Entrance to the Barn Dojo....

Sunday, November 02, 2014

Idle ramblings and word associations

Practicing Gwa in
Matayoshi's dojo.
It's easy to teach kata, I suppose, and you can pick up lots of bunkai fairly easily off YouTube. Of course, it doesn't mean the bunkai is any good or that the kata is done correctly. So how do you know what you're getting?

Matayoshi sensei was very proud that the tradition of kobudo in his family went back generations. He showed me a family tree once, tracing his family back four hundred years. I'm not sure they all practiced kobudo, but the martial tradition in his family did go quite far back in time. And the point was, as he said, that once upon a time there were many many different martial traditions, but over time they got pared down. The bad ones died off, because in the old days you had to use your martial arts to survive. If
you didn't survive the battle or the confrontation, neither did your martial art. Those who survived passed their systems on to others. The problem is that that same natural weeding out of what's good and what's bad doesn't really exist today; we don't generally use our martial arts in battles or confrontations of the sort that might have been more commonplace in ancient times. Nowadays anybody can put a shingle out and teach martial arts without having to put it to the test, without having anyone question the techniques.

How one steps and turns
is very important in
executing this bunkai
 from Shisochin correctly.
I once learned a bo kata from a friend who trained in a traditional Uechi dojo. As a rule, they didn't do very much kobudo--after all, kobudo is really a separate tradition--but their teacher had taught them this one bo kata. I spent about 30 minutes following my friend through the moves of the kata before I realized that it was Sakugawa-no-kon, a kata I already knew. What confused me was the fact that they had been taught the mirror-image of the kata; everything was backwards. Not that there's anything wrong with doing a kata backwards, but I suspect that the teacher had taught himself from watching a video.

You can certainly learn a lot from videos. We live in a very technological age. I've often heard people say that you can find anything on the Internet. And many people are quite adept at navigating through all of that information. The problem is that some things can't be taught through videos. There are some things I have trouble teaching students in the dojo. You have to see it and realize what you're seeing in order to practice it. You can teach the moves, but not the movement. I'm reminded of some of the principles talked about in the Chinese classics and that can be found in Douglas Wile's T'ai-chi Touchstones: Yang Family Secret Transmissions. Here are a few:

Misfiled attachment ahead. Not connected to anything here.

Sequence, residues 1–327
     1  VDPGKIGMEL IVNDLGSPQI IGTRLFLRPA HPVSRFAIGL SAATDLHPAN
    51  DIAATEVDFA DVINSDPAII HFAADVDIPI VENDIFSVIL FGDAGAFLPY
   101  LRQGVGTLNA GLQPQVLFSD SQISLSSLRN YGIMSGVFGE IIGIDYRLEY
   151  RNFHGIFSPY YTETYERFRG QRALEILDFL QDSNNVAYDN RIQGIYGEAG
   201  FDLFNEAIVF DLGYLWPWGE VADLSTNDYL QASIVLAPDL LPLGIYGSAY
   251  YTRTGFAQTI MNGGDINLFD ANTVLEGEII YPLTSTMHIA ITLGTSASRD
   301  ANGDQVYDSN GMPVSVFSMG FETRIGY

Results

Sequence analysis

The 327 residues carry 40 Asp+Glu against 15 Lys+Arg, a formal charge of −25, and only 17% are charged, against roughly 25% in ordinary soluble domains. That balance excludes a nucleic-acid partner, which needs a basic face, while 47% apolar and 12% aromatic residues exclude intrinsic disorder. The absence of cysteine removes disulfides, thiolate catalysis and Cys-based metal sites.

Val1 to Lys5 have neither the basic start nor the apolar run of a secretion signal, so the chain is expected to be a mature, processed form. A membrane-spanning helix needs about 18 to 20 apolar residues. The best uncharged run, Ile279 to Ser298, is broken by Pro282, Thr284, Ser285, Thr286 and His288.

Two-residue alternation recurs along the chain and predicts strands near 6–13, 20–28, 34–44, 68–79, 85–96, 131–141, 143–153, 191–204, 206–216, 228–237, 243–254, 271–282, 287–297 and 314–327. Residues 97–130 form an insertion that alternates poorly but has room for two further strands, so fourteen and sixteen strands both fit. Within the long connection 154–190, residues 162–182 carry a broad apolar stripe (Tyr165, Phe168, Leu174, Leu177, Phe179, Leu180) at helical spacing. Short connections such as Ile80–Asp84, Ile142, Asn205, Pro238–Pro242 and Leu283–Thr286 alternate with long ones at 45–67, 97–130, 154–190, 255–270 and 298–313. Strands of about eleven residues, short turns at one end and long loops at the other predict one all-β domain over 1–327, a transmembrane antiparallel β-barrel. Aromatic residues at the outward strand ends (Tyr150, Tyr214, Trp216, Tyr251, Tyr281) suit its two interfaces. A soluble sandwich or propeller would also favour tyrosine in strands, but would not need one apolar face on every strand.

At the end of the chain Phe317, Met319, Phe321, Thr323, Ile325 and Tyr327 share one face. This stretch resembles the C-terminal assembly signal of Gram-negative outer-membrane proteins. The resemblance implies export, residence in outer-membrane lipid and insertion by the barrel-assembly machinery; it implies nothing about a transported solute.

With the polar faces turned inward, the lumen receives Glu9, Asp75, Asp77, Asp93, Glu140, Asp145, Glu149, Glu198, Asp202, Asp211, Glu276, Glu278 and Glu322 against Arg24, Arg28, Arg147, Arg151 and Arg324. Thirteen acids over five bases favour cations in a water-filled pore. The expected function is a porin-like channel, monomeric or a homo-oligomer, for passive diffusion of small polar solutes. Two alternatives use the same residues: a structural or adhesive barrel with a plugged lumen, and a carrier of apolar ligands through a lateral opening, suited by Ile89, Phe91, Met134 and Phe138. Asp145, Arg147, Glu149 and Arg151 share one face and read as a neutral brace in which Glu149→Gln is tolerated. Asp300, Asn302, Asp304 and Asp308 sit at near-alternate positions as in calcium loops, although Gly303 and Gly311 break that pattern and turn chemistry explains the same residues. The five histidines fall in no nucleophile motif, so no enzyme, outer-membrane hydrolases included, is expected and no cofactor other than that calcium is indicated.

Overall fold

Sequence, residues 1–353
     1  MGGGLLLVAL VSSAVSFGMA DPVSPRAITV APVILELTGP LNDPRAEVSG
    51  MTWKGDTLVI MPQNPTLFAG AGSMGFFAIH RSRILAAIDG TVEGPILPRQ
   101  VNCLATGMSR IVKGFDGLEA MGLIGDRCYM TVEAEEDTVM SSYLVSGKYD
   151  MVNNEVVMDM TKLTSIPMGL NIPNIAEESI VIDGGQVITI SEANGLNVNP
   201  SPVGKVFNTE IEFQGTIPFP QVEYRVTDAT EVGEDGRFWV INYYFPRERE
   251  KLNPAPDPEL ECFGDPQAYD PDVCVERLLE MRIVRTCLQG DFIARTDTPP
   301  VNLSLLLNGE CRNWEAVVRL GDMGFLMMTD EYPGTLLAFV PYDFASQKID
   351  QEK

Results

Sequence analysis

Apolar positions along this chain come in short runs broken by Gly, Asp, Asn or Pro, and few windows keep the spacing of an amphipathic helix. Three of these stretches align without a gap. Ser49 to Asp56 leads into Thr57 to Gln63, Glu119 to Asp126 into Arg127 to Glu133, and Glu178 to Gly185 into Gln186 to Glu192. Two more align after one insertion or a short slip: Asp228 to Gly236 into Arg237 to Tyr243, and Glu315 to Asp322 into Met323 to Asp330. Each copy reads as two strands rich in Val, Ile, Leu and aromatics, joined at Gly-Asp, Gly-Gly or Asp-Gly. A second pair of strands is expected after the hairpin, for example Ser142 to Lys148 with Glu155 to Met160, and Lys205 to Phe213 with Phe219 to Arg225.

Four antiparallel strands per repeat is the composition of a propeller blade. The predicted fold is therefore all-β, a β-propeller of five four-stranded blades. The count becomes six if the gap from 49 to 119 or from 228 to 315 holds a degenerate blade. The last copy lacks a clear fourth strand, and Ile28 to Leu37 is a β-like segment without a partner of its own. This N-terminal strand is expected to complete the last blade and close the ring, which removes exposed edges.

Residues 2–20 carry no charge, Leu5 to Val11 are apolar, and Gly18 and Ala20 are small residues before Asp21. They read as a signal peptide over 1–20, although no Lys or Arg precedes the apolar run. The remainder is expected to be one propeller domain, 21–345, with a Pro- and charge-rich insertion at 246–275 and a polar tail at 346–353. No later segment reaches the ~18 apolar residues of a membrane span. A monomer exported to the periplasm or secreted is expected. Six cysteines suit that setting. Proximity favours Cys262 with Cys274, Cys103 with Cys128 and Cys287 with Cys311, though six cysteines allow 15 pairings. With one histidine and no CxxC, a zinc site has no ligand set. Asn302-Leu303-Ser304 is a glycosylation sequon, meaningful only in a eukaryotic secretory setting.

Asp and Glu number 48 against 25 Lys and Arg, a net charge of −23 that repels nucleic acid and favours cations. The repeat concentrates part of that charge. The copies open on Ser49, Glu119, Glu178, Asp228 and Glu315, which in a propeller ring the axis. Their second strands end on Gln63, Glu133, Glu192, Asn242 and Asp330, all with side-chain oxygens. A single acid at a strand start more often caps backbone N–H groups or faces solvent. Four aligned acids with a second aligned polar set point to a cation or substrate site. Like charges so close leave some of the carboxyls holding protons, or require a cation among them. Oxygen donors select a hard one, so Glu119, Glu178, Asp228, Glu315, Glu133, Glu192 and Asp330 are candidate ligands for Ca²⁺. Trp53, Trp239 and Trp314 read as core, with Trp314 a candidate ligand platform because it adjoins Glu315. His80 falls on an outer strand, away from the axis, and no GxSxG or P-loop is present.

"All the joints of the body should be connected without permitting the slightest break." "Power issues from the back." "At all times bear in mind and consciously remember that as soon as one part of the body moves the whole body moves." "Do not allow gaps." 

This movement from Saifa is really
the start of the third sequence, but
it occurs in-between the techniques
that we usually recognize. We don't
turn and face the opponent to then
execute the hand techniques. The
turns in kata show how to step
off the line of attack.
It's all so poetic and cryptic because it's difficult to teach...and just as difficult to talk about. It's almost as if the phrases are only reminders, only useful if you already understand what they mean.
And the really interesting thing is that the katas--and more importantly the bunkai of the various kata--reinforce this kind of movement. In fact, to do the bunkai to the Goju-ryu classical subjects, you have to move this way. In a way, a correct analysis of the kata (bunkai) demands that you understand the lessons contained within the movements of the kata.The most obvious movements are how you get from one technique to the next technique. But the turns and changes of direction are also important in most cases. As someone once pointed out, an awful lot occurs between the movements of kata. So often I see bunkai that ignores the stepping that occurs in the execution of the same technique in kata, as if the body and the hands are disconnected from the feet. It seems to me that people often content themselves with practicing the hand techniques of karate only. If they use the feet, it's only to kick. The stepping and turning in karate, however, are integral to a proper understanding of bunkai, as well as a lesson in how to move. Without a proper understanding of movement, kara-te really is just "empty hands."

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